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Thursday, 29 April 2021

Weekend Reading

Reading across disciplines is one of the best ways to improve our investment acumen. Here is a summary of some of the best articles I read this week. If you like this collection, consider forwarding it to someone who you think will appreciate it.


1. In defence of thinking
We’ve lost our familiarity with the concept of “thinking” as a concrete and isolatable activity; something that can be prioritized, and trained, and even cherished as a valuable pursuit in its own right. Today, we’re not nearly as comfortable with this most fundamental of activities. We talk a lot more about information — how we can get more of it, how we can spread it faster — than we do its processing. 

We cannot make sense of ourselves or the world around us without putting in the mental cycles necessary to wrestle this frenetic information into useful forms. Thinking — true, hard, energizing thinking — is not yet another healthy activity to add to a long list of such commitments. It’s better understood as a way of life; one that’s become even more radical in an increasingly shallow world.

2. How envy works
Envy is one of the great struggles plaguing humanity today, and it’s only getting worse. The conditions that allow envy to thrive are being accentuated by technological progress, yet our norms have not updated to accommodate this reality.

You will be envious of those that have reached your desired state, but are not too far removed from it. Those that are too far out will be sources of inspiration, not envy. Envy thrives in the distance between you and someone you once knew. 

The rival seems very relatable to you. You have similar interests, similar outlooks, but the outcomes appear to be wildly different.

3. The post-truth world
The term fake news became widely used during the 2016 US presidential election, when the internet was flooded with inaccurate information. 

Researchers usually talk about disinformation, which is purposefully false, and misinformation, which is unwittingly false (either because the publisher made a mistake or because the person sharing the content did). As false content spreads through social media networks, it can oscillate between the two, and it can manifest in various forms, including memes, tweets, or “imposter” content made to imitate real news stories. 

In 2016, Oxford Languages chose post-truth as its word of the year. The essential characteristic of our age, the accompanying press release stated, was the loss of a distinction between truth and feeling; we were entering an era in which “objective facts are less influential in shaping public opinion than appeals to emotion and personal belief.”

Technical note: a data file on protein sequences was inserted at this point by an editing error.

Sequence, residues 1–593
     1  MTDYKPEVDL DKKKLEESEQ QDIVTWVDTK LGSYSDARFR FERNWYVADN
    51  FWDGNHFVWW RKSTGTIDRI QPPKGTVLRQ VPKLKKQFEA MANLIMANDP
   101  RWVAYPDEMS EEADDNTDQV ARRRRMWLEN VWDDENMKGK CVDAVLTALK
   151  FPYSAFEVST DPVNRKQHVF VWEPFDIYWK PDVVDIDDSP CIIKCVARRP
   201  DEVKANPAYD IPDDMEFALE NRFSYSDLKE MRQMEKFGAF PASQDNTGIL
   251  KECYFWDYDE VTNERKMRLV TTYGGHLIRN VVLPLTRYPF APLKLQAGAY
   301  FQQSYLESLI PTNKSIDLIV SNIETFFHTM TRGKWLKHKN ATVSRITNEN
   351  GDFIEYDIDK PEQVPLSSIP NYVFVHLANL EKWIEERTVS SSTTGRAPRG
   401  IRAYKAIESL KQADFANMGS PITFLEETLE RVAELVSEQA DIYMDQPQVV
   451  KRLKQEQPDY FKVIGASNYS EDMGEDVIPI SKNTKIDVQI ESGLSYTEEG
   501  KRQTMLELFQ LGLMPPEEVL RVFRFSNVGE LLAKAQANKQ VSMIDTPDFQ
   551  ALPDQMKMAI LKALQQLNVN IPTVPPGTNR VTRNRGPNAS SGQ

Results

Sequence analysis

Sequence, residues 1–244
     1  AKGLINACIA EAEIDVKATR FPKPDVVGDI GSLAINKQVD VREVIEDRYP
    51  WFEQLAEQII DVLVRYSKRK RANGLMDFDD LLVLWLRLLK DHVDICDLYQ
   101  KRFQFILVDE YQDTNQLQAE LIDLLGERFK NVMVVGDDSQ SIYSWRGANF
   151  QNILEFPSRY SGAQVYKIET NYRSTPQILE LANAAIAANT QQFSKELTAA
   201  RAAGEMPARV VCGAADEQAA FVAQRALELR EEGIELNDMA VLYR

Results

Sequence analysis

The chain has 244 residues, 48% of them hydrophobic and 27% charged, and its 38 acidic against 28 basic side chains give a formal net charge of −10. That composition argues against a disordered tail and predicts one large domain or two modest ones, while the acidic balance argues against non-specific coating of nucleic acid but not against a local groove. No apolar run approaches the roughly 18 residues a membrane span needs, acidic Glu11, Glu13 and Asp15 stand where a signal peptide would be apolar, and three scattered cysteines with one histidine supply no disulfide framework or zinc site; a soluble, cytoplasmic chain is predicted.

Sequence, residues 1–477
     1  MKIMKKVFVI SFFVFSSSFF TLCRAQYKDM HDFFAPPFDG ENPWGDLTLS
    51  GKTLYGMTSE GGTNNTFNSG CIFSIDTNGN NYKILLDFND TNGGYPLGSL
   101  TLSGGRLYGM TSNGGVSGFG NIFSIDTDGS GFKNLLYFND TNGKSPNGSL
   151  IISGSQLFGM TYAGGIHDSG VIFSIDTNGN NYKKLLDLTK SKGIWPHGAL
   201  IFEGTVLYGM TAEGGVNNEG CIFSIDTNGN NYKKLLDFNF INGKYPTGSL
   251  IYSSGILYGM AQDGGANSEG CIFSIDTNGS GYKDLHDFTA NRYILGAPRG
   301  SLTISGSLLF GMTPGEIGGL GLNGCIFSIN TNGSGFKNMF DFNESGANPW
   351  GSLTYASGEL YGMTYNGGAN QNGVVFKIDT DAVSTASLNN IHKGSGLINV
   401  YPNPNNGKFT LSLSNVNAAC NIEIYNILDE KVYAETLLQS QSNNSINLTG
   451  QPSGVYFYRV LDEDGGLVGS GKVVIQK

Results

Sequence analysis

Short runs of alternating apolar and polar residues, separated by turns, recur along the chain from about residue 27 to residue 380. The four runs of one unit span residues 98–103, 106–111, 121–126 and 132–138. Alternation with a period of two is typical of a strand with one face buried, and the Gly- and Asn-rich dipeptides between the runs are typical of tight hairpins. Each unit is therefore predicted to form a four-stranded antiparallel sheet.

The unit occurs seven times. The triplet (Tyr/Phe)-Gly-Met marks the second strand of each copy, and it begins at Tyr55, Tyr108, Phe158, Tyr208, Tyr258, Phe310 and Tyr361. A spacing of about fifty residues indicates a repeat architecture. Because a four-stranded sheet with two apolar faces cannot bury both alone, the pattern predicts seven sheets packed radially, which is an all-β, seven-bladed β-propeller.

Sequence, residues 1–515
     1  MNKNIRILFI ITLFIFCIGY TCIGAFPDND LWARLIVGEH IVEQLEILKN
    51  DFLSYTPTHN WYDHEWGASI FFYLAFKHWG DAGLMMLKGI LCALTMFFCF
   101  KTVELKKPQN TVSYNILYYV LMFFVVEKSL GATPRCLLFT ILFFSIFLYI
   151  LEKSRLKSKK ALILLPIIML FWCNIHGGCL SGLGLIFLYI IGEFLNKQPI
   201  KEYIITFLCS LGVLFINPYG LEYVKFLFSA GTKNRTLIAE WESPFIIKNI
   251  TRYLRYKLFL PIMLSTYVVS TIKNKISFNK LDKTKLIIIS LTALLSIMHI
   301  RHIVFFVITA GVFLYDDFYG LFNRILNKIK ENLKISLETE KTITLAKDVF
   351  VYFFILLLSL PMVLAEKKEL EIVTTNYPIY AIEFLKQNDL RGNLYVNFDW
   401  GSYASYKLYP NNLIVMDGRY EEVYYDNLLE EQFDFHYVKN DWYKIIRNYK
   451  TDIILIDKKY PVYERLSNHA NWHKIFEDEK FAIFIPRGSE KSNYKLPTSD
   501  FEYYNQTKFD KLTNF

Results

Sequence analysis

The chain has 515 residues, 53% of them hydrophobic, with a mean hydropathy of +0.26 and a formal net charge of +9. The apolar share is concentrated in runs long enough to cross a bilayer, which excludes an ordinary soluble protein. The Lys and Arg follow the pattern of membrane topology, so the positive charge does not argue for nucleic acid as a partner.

The beginning to a possible solution is to realize that, although the world is politically divided in many ways, the main division is not between rational, intelligent people and irrational, emotional ones. Fact, opinion, and emotion often go hand in hand—in politics, journalism, and any kind of social interaction.

4. The long-term shareholders Buffett cultivated are a huge part of Berkshire Hathaway’s success
An elite corps of about 40 companies are in Berkshire’s league in terms of attracting quality shareholders among stock-picking institutional investors. But Berkshire has the greatest proportion of individual owners, representing an estimated 40% of the Berkshire shares that Buffett doesn’t own.

Having a high density of quality shareholders has contributed to Berkshire’s success over the decades, as it has to the performance of dozens of other major companies.  They support management’s long-term view and contribute to the distinctive reputations, cultures, and moats that characterize great companies. Such a long-term culture trickles throughout the company in everything from acquisitions to operations. 

Since a company’s shareholders influence a company, managers should care about the shape of their shareholder base.  One dominated by short-term investors will induce managers to focus on quarterly targets rather than multi-year performance. One controlled by indexers will tend toward formulaic governance practices even if they do not fit a particular company.

Buffett explained in 1983 how he would achieve his goal: “If we consistently communicate our business and ownership philosophy — along with no other conflicting messages — and then let self-selection follow its course.” Buffett courted quality shareholders by providing an informal education, mainly through an acclaimed annual letter and legendary annual meeting.

5. Negativity is a character trait
You ever notice it’s the same people who spent eight years moping about deflation and disinflation who are now shrieking about inflation?

You ever notice it’s the same people who complained about being “pushed out on the risk curve” due to low interest rates on bonds who are now upset about higher interest rates on bonds?

You ever notice it’s the same noisemakers who’ve been seeing recessions over every horizon for a decade who are now complaining about too much economic growth?

You ever notice it’s the same folks who lamented the lack of growth who are now crying about how the acceleration of growth is unsustainable?

It’s the same people. They have no overarching point. There’s no comprehensive philosophy for how things should be. It’s just bitching and moaning, regardless of past, present or future circumstances. Everything’s wrong, everyone else is making all the wrong choices, with suspect motives, to keep me down and hurt my feelings. 


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